The German government called for clarity from General Motors on its long-term plans for Opel should the U.S. carmaker reverse course this week and decide to keep its European business.

'We are keeping Opel' is not a strategy yet, German Deputy Economy Minister Jochen Homann said on the sidelines of an energy conference in Munich on Tuesday.

Frustration with GM is mounting in the German government, which has come out strongly in favor of Canadian automotive group Magna's bid for Opel, which would entail Detroit permanently ceding control over its former subsidiary.

We have laid the groundwork in the direction of Magna, Homann said.

GM's board of directors meets on Tuesday and Wednesday to discuss Opel, its second-largest brand. Berlin wants a decision ahead of the Frankfurt car show starting next week, where Opel will unveil the latest version of its most important model, the Astra compact.

GM in May consented to a Magna deal but gradually retreated from that position after emerging on July 10 in slimmed-down form from 40 days of bankruptcy protection.

Sources have told Reuters some board members want to keep Opel.

Analysts believe GM's board is holding off on formally reaching any decision until after a German election on September 27, which is likely to produce a new center-right government.

This would avoid embarrassing conservative Chancellor Angela Merkel and her left-leaning coalition partners, the Social Democrats, ahead of the vote.

Rival bidder RHJ raised the stakes last week by sweetening its offer for Opel. The Belgian-listed financial group would pay slightly more and need substantially less state aid, letting it return taxpayer money a year sooner than initially estimated.

Homann hoped for clarity by Wednesday, but his boss, Economy Minister Karl-Theodor zu Guttenberg, said Germany would continue to negotiate with GM should the board postpone a decision again.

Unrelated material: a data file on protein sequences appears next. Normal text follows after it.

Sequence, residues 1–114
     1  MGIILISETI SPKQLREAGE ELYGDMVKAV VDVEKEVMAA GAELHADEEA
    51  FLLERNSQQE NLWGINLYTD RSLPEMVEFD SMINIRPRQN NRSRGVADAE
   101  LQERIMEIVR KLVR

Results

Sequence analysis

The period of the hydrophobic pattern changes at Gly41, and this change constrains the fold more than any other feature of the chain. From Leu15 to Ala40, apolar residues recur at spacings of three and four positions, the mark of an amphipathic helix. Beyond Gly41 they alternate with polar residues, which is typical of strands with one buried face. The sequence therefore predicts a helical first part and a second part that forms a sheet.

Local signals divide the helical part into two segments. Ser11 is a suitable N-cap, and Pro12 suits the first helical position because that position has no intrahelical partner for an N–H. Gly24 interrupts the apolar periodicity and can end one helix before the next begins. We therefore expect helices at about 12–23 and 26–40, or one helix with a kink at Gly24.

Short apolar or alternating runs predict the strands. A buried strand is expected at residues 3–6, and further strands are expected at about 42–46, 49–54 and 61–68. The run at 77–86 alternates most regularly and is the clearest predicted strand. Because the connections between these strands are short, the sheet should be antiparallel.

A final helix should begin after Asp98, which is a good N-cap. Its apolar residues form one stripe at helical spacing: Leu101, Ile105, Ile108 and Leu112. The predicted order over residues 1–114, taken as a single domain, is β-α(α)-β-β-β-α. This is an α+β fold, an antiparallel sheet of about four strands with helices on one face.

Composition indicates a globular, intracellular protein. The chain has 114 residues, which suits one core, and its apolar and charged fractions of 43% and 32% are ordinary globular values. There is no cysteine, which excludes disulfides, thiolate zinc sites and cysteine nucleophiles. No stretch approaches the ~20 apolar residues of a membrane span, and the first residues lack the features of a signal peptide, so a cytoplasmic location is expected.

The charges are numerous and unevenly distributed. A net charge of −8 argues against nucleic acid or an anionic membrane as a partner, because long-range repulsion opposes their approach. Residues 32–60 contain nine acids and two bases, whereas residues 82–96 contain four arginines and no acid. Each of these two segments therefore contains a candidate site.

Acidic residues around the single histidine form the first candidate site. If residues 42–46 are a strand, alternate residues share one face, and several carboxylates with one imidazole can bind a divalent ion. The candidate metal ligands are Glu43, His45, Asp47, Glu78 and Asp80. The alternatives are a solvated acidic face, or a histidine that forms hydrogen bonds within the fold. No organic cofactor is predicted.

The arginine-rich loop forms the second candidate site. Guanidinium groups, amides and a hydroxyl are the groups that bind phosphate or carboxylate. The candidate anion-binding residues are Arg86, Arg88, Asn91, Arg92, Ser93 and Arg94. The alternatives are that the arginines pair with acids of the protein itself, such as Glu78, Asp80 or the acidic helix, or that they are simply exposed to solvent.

Separately, Opel's head of marketing and sales told Reuters that the brand had so far escaped not only unscathed but surprisingly better off, thanks in part to a wave of sympathy mainly in Germany for the ongoing plight of the carmaker.

Here in its domestic market, Opel is often seen as a hapless victim of mismanagement at GM, itself now a symbol of the inexorable decline of the once mighty U.S. auto industry.

Without the synergies from a major company like GM, Opel would not exist, GM Europe Vice President Alain Visser said in an interview.

But we think Opel would be helped by a more independent positioning of the brand, regardless of who the shareholder will eventually be, he added.

German assembly line workers, who began wearing yellow T-shirts declaring We are Opel, gave management the idea for a new image campaign to be unveiled at the Frankfurt show.

In an attempt to assure customers they can keep buying new Astras because Opel will survive, Visser's team adapted the message to We live cars, which will run in German to emphasize its roots, replacing the current slogan Discover Opel.

A lot is at stake, with the new generation Astra hitting the market in November. The Astra accounts for roughly half a million unit sales, or more than a third of overall volume.

Everything we sell this year is dependent on production, which is being ramped up. We anticipate sales of 25,000 units (of the new model) this year, he said.